Lobsters shouldn’t really smell like anything before they’re cooked. If you catch any whiff of ammonia around the tank, better pass on by. (Good advice for all seafood, honestly. A little salinity is fine, but any sharp or chemical odors are a bad sign.)
Maine Lobster (What’s In a Name?)
Maine lobsters are generally regarded as the best, but did you know that Canadian lobsters are the exact same thing? GetMaineLobsterNow.com will even tell you so, but we like the way Chowhound user MGZ put it: “the term ‘Maine Lobsters’ refers to the species Homarus americanus that lives, and is caught, in the waters between Canada and North Carolina. There are no passports on the bottom of the Atlantic and bugs don’t have pockets. If you want good, go local.” Great advice—the best option for almost any food is to get what was made or harvested closest to home, whenever possible. Obviously, if you’re landlocked, your lobster has traveled some distance to meet its date with destiny (i.e. your stock pot), but looking for a lively specimen from a reputable source is the best common sense advice to keep in mind. If you don’t trust any of your local stores and you have the budget for it, you can order live lobsters online.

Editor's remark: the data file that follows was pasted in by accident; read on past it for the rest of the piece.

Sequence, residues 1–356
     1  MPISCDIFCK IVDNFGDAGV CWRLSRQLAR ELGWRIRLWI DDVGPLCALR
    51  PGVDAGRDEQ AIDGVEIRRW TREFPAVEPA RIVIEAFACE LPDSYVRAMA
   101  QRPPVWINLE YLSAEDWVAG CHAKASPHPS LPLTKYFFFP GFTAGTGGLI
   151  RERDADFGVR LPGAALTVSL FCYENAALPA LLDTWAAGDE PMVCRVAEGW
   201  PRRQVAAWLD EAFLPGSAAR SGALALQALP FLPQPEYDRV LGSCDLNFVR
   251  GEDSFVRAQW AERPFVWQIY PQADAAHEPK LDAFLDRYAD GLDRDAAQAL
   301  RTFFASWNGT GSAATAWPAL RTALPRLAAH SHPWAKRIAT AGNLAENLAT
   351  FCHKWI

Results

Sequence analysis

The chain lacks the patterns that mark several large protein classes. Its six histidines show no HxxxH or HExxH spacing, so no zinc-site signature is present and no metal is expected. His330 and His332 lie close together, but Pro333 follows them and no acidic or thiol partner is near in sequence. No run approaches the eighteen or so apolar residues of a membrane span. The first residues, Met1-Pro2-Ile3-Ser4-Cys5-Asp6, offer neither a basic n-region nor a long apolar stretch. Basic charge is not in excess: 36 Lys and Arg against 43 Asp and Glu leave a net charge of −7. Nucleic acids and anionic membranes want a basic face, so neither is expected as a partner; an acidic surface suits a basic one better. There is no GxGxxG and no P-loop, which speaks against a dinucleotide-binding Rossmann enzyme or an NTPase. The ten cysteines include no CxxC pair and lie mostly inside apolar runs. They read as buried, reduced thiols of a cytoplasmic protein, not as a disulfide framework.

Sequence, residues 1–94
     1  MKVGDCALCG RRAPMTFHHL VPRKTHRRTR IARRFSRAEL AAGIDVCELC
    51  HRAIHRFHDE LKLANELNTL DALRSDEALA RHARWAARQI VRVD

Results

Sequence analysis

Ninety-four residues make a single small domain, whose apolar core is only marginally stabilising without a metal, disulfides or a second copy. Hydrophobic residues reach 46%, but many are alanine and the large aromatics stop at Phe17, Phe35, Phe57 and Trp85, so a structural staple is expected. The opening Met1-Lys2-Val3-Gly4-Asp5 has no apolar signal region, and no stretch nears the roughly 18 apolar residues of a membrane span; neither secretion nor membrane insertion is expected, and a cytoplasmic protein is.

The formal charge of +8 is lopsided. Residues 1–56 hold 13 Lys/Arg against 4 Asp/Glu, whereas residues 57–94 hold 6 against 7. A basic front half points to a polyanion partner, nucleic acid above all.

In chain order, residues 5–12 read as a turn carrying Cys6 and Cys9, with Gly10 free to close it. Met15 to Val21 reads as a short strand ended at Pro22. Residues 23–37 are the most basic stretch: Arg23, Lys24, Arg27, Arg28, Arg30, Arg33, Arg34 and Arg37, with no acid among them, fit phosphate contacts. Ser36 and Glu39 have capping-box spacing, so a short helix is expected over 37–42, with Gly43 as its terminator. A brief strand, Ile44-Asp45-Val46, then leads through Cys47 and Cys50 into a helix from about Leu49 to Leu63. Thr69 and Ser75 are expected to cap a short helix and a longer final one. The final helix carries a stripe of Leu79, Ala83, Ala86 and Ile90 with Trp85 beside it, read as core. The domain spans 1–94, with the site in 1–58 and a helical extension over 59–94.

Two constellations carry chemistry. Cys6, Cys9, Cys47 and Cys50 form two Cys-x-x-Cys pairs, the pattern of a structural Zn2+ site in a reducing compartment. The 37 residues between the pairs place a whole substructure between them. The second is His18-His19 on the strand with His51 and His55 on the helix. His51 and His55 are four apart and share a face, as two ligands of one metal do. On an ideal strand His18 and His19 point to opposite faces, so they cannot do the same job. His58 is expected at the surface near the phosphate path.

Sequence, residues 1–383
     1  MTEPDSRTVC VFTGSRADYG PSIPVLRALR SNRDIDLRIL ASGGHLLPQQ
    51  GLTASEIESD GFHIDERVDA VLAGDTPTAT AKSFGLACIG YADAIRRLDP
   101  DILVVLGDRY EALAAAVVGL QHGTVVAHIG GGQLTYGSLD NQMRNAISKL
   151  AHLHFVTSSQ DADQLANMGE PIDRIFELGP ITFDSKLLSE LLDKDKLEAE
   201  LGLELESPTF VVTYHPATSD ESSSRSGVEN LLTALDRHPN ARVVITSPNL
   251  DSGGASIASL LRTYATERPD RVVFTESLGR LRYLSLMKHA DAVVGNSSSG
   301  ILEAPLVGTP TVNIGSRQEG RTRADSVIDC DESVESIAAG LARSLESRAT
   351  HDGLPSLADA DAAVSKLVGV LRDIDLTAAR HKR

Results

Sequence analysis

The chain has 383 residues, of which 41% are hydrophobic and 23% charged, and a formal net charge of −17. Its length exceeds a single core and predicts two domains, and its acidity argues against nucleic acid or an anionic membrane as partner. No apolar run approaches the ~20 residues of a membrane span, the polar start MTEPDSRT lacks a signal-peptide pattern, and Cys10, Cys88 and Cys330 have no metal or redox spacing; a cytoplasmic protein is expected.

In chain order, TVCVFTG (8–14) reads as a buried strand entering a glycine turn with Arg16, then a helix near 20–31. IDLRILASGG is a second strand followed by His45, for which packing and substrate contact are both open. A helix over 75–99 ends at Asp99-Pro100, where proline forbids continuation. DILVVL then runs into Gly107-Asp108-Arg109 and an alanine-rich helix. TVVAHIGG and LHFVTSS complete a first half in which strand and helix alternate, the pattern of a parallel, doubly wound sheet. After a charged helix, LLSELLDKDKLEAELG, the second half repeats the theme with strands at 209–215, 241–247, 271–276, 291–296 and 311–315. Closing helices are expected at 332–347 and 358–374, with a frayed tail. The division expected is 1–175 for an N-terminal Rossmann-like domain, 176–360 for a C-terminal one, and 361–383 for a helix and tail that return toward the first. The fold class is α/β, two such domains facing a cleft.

Frozen Lobster Tails
If you don’t want to go to the trouble of killing and cooking a live lobster, there’s always the option of frozen tails. These are usually more expensive per pound, and many people consider the tail meat inferior to claw and leg meat, even before you factor in the potential for freezer burn. Some people claim frozen lobster meat can be bland, stringy, and tough, but others find it fine; even Marcella Hazen calls for frozen lobster in three recipes in her “Marcella Says…” cookbook. If you’re after Maine lobster, be aware that frozen lobster tails are often from spiny lobsters harvested in warmer waters; you can tell by the white spots on their shells if they’re not otherwise obviously labeled.
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Substitute for Lobster
If you’re still unsure about cooking live lobster, perhaps some Argentinian pink shrimp could be a good compromise? They’re often marketed as being similar to lobster (firm and sweet)—and are available frozen at Trader Joe’s. You don’t have the pleasure of digging into a meaty tail or cracking a claw, but maybe that’s a plus for you! If all this has put you off the mere idea of eating an actual lobster, word from FoodRepublic is, you can make a legit vegan lobster roll with hearts of palm.
How to Cook Lobster
If you do decide to take on a lobster in your own kitchen, check out our lobster recipes, from basic steamed lobster to a luxurious lobster risotto perfect for Valentine’s Day (or any other special occasion).
Related Video: How to Open a Bottle of Champagne to Go with Your Lobster